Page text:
GR11 Hiking

Day 16: Ordesa

Kilometres walked: 26km  / Total distance: 310km/ Elevation gain: 1277m / Elevation loss: 388m / Time walked: 6h30min

I leave the campsite before 07:00. I was awake for about an hour in the middle of the night, trying to download new books to my ereader using the WiFi of the camping. I haven’t read much, and not at all last week hiking with Nicole, but I hope I have the time and energy to read a bit more now that I’m hiking alone again.

It sounds weird, I’m on vacation after all, but I’m surprised by how little ‘free time’ there is for things like reading, writing or drawing. After walking 6-8hrs during the day, setting up camp, filtering water, cooking dinner, washing up (if possible) and figuring out logistics for the next day, I’m usually straight off to bed, or too tired to do anything that requires any mental capacity. Fortunately the scenery is usually amazing enough that not much entertainment is needed.

Tourist Hotspot

From the camping I walk to the trail again. Easy, just across the river. I follow the blazes through the forest, still following the river Ara. Sometimes it’s far below me, sometimes almost level, but rarely can I reach the water. Soon after Puente de los Navarros I enter the Ordesa and Monte Perdido national park. There’s a sign with a whole list of things that are not allowed, including camping except in designated areas.

Ordesa is the first national park of Spain, known for its natural beauty, and a tourist hotspot. You don’t notice at first, as the trail takes you through some nice forest and it’s quiet, until it suddenly crosses the parking lot where a busload of tourists is dropped off every 15-20 minutes.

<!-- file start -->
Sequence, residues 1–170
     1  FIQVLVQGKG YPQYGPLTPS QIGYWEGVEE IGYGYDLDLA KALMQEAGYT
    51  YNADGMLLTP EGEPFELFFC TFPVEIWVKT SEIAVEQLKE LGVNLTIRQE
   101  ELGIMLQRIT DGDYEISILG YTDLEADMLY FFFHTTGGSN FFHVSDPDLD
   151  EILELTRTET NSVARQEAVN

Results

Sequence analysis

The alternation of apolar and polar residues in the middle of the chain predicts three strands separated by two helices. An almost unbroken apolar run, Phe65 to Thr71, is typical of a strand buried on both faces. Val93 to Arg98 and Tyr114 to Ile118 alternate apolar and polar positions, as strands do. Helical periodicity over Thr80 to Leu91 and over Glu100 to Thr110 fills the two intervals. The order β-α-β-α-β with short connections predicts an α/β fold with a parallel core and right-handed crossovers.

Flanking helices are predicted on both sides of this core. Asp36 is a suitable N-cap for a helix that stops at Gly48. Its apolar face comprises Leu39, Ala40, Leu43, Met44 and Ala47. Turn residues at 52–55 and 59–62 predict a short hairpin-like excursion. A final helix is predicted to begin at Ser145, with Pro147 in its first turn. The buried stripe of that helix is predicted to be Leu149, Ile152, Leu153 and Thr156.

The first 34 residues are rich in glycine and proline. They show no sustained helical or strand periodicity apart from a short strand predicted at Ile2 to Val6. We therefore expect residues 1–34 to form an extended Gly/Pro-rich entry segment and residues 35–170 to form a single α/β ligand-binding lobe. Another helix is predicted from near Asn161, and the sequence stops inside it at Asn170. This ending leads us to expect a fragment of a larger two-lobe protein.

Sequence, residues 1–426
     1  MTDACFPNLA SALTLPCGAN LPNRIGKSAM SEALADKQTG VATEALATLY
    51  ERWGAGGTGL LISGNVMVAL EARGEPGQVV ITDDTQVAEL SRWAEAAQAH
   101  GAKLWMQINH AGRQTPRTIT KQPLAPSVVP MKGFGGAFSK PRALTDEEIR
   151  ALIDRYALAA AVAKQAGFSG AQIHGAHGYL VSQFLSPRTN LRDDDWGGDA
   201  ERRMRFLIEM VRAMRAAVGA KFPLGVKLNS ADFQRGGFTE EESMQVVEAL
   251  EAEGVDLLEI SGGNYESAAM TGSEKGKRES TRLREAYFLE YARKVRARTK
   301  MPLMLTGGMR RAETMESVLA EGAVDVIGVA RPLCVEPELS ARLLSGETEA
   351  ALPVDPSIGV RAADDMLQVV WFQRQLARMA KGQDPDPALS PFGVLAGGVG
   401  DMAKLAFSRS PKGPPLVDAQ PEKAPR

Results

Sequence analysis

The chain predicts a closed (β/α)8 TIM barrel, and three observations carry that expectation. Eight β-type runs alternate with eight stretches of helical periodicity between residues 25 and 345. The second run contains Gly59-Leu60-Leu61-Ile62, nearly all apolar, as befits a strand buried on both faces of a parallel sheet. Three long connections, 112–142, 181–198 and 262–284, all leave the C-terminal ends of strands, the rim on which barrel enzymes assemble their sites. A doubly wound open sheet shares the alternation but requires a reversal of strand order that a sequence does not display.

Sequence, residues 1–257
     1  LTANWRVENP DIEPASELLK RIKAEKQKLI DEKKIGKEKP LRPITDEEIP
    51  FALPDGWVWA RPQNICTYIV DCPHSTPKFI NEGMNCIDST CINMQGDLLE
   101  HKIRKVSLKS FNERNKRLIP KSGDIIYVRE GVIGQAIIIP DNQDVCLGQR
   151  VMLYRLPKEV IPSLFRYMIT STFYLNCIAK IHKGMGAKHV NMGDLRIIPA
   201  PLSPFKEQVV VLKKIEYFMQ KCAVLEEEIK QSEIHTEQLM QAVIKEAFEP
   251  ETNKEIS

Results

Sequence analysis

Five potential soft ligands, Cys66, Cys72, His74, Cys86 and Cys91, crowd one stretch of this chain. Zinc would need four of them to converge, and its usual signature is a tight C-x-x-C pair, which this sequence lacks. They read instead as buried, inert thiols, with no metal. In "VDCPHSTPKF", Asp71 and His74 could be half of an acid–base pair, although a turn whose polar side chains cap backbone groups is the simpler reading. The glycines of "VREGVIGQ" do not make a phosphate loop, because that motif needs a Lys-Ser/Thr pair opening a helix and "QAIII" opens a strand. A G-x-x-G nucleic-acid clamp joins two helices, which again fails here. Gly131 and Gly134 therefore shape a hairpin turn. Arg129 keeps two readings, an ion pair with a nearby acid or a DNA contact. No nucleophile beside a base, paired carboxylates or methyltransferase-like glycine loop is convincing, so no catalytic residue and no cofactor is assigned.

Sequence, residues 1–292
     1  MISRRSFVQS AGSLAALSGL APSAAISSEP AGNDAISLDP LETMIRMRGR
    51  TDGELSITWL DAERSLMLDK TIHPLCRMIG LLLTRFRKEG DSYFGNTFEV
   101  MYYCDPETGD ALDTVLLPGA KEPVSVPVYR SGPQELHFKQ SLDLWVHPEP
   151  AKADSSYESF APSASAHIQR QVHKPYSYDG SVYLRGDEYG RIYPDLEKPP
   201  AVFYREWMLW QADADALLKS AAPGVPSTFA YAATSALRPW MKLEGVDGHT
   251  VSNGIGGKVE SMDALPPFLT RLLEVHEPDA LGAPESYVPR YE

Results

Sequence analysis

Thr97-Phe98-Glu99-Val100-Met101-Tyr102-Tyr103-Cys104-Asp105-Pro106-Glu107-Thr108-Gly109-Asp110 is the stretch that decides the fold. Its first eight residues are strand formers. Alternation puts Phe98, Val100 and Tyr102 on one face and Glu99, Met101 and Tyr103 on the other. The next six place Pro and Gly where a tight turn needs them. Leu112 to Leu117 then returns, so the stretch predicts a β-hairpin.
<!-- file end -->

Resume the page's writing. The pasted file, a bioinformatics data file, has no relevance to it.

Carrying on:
I’m a tourist too, of course. And all these people are here to hike and enjoy the natural beauty, as am I. I shouldn’t complain. But after spending two weeks on very quiet trails I’m not used to seeing this many people at once, and some of the people are obviously not used to sharing the trail with anyone at all, walking three abrest at snail’s pace.

The trail is easy. A walk in the park, literally. It’s beautiful here, with some impressive waterfalls, but I can’t help but wonder why the trail yesterday wasn’t at least as busy, because it was at least as beautiful.

Competition

I slowly make my way up and a few trailrunners fly past in the other direction, descending down the trail. Suddenly I really miss running, getting a runner’s high and just being able to go fast, being unburdened by a pack. Instead I plow through, overtaking people whenever I can. Am I getting a little competitive on these busy trails? Maybe.

The hiker bubble from the camping is doing the same route today and I leapfrog with them. I want to hike alone, but it’s nice to catch them every once in a while.

Refugio

I end the day at Refugio Goriz, which is perched high upon a ledge above the valley floor. Most of the way up was on very easy trails, but the last climb up the cliff in the full-on afternoon sun does me in and I arrive thirsty and soaked with sweat.

After checking in I join my hiker bubble friends on the terrace for a soda and a caña. I’m lucky -early planning- to have a booking at the refugio. They do not, and will hike another 30-45 minutes until they reach a site where it is allowed to camp again.

The refugio, situated at the end of the busy Ordesa valley and at the foot of the Monte Perdido, a popular climb, is crazy busy and fully booked the whole summer. Camping is allowed near the refugio, if the refugio is full, and for a maximum of 50 people. Little tents pop up on the grassy slopes after dinner. I’m knackered and a bit overwhelmed by all the people, so hide in my bunk as I write this blog until it’s an acceptable time to fall asleep. 21:00. Hiker midnight.

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